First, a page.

Great Hollow Grant Recipient Publishes Research on the Hemlock Woolly Adelgid

Great Hollow

Great Hollow awards up to $5,000 in grants each year to support ecological research at and beyond our preserve. Applicants are allowed to be students or professionals of any age and career stage. The first recipient of one of these grants was UConn undergraduate student, Nicholas Russo, in 2017 for his senior thesis research on the potential dispersal of the hemlock woolly adelgid by migratory birds. The hemlock woolly adelgid is a non-native, invasive insect that kills eastern hemlock trees and is presently estimated to have infested over 45% of the tree’s current range throughout eastern North America. Before Nick’s research, how this pest had spread over such great distances in so little time was not known, but migratory birds were a suspected culprit.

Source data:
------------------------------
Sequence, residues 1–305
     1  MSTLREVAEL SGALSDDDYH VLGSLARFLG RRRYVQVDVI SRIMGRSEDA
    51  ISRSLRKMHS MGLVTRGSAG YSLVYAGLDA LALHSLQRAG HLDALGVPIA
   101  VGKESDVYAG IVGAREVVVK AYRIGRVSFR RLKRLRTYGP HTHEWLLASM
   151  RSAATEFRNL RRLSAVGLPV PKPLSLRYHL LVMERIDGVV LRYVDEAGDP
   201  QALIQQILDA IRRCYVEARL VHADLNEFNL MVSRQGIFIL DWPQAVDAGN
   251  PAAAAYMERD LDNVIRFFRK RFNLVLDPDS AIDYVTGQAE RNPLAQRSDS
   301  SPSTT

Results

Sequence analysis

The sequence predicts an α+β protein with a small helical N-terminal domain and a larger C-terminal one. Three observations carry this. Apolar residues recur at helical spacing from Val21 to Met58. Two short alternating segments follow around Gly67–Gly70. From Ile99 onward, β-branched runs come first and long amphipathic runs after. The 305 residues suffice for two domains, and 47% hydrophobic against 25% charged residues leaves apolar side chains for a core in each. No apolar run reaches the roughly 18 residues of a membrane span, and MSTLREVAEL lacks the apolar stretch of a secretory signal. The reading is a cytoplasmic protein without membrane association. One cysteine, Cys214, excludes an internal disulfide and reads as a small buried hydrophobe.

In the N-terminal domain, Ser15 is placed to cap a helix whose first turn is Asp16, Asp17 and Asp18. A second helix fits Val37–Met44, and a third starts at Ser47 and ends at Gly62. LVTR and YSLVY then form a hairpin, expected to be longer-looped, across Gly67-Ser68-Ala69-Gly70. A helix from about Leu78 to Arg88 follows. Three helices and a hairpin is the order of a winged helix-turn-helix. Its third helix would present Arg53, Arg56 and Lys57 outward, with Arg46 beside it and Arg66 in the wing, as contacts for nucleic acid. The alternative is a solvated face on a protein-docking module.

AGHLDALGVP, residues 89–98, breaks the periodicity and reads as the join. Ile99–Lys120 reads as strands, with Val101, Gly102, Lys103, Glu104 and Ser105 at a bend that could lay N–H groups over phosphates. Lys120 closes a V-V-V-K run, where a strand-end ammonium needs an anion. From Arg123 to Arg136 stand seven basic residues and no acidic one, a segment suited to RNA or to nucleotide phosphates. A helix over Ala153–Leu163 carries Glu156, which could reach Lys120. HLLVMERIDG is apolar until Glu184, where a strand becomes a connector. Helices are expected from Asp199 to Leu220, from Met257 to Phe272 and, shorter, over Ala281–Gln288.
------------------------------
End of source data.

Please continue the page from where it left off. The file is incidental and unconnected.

During the spring and summer of 2017, Nick captured migrating and resident songbirds at several study sites in central and western Connecticut, including Great Hollow Nature Preserve, to inspect them for the hemlock woolly adelgid. He also experimentally infested old museum specimens of birds with the adelgid and placed them in trees at a hemlock nursery to see if, and after how long, the adelgids would crawl off of the birds’ feathers and onto the trees. He found that adelgids were hitching a ride on roughly 1 in 10 of the birds that he inspected, including many long-distance migrants that were likely heading all the way up to boreal Canada. He also observed adelgids crawling off of the museum specimens and onto the experimental tree branches to which they were affixed. Taken together, this suggests that birds are likely to be at least one mechanism by which the hemlcok woolly adelgid has been able to invade such a vast area of North America in so little time. However, Nick cautions that it remains to be confirmed that adelgids are capable of staying attached throughout and surviving long-distance bird flights, which can easily exceed 10 hours and hundreds of miles at high altitudes. Nevertheless, even short-distance dispersal is likely to facilitate the spread of this invasive pest into new areas and further complicate ongoing efforts of land managers in the U.S. and Canada to save eastern hemlock forests. Nick’s research was recently published in the peer-reviewed journal, Biological Invasions and can be read here.

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